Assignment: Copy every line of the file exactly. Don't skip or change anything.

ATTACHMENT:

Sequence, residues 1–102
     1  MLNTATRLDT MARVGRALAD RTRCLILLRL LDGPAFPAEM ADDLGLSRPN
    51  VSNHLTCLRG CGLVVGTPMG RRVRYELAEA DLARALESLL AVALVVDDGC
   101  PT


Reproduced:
Sequence, residues 1–102
     1  MLNTATRLDT MARVGRALAD RTRCLILLRL LDGPAFPAEM ADDLGLSRPN
    51  VSNHLTCLRG CGLVVGTPMG RRVRYELAEA DLARALESLL AVALVVDDGC
   101  PT